16. Because competitive antagonists bind in a reversible manner, agonists, if given in high concentrations, can displace the antagonist from the receptor and the agonist can then produce its effect. The antagonist action can, in effect, be surmounted. Because the antagonist can be completely displaced, the agonist is still able to produce the same maximal effect observed prior to antagonist treatment. However, because higher agonist concentrations were necessary to displace the antagonist, the agonist dose-response curve is shifted to the right in the presence of a competitive antagonist. This can be illustrated with two equilibrium equations:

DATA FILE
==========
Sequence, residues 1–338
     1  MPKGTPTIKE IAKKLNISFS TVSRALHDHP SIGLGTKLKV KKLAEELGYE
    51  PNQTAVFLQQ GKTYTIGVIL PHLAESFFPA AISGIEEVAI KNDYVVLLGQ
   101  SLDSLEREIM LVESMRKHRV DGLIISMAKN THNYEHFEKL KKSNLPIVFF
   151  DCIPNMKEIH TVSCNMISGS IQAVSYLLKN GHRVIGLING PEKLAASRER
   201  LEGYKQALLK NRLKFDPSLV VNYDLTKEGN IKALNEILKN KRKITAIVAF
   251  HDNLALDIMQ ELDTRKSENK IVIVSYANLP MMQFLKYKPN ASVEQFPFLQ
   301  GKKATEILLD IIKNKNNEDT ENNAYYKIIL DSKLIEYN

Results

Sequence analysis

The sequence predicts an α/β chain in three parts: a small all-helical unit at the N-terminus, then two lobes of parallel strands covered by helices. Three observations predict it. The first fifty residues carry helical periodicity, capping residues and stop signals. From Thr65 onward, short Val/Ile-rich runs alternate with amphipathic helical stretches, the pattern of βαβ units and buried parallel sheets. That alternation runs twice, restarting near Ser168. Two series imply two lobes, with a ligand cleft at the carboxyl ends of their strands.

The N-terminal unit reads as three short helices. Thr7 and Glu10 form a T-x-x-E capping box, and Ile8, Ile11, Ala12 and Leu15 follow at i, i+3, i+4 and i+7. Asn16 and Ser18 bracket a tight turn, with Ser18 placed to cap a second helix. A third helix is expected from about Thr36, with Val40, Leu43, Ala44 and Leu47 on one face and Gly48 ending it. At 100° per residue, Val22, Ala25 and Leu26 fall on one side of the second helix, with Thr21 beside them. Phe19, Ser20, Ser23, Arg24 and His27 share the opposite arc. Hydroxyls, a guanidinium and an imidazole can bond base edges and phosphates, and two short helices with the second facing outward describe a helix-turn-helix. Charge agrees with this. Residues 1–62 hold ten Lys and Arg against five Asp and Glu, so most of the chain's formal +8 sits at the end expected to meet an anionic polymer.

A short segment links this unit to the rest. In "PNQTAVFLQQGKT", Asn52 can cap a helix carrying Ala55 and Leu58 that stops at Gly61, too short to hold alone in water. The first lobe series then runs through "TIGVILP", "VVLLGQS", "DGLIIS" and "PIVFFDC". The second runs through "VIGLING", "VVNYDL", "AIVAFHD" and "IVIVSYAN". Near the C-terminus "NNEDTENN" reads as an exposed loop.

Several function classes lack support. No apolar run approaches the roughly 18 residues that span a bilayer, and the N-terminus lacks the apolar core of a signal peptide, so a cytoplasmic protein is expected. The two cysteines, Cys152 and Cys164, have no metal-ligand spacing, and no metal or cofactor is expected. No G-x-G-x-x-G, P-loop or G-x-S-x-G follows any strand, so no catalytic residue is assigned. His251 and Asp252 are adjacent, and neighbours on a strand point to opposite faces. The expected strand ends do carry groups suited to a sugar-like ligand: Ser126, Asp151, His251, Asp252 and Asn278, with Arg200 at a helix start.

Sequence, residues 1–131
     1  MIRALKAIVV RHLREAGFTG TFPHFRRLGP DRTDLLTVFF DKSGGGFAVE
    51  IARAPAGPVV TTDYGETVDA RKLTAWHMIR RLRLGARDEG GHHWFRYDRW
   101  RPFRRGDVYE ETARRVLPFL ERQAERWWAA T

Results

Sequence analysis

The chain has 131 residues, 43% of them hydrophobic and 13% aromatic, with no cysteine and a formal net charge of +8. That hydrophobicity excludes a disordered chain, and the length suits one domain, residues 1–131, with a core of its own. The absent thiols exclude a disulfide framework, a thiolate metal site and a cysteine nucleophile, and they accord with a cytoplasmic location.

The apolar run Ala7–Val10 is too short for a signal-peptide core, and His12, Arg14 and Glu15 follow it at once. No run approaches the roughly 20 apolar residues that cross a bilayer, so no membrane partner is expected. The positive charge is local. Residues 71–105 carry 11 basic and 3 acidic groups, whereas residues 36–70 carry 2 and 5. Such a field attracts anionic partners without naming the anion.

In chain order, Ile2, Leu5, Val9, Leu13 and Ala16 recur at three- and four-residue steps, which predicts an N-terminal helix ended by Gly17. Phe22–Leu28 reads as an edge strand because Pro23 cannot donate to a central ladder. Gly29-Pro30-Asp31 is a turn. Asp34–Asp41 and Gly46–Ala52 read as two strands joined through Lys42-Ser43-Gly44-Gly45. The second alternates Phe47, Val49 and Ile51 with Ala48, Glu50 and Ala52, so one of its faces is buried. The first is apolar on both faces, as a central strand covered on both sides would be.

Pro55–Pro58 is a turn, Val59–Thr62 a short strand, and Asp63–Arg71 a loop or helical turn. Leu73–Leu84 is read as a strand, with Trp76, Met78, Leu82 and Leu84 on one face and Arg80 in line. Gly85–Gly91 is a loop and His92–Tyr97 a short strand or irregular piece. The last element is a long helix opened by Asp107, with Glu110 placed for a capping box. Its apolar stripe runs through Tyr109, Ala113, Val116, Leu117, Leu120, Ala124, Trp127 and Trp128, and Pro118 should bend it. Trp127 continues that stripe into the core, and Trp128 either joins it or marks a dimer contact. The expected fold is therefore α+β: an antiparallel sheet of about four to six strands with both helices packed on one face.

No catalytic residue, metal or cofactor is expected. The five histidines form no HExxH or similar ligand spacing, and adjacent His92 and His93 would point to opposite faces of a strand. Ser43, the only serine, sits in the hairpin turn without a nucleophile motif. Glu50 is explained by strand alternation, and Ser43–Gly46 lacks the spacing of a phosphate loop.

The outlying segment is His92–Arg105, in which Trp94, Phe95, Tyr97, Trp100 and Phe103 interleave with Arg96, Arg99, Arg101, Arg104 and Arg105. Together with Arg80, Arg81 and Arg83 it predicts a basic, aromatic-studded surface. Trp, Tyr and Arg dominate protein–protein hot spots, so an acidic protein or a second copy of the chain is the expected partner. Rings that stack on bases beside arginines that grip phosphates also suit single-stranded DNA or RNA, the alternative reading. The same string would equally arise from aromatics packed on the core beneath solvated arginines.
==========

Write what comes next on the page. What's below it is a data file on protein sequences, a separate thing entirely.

17. Irreversible Receptor Antagonists Another type of antagonist is referred to as an irreversible receptor antagonist. The properties of irreversible antagonists are markedly different from competitive antagonists. Irreversible receptor antagonists are chemically reactive compounds. These ligands first bind to the receptor. Following this binding step, the ligand then reacts with the functional groups of the receptor. The consequence of this chemical reaction is that the ligand becomes covalently bound to the receptor. Because a chemical bond is formed, an irreversible ligand does not freely dissociate from the receptor. It remains attached to the receptor for a long period of time. The synthesis of new receptor protein may be required to generate a receptor free of an irreversible blocker. Because the ligand is covalently bound to the receptor, the binding of agonists, and hence their pharmacologic activity, are blocked. Unlike competitive antagonists, the blocking activity of irreversible receptor antagonists can not be overcome by increasing the agonist concentration.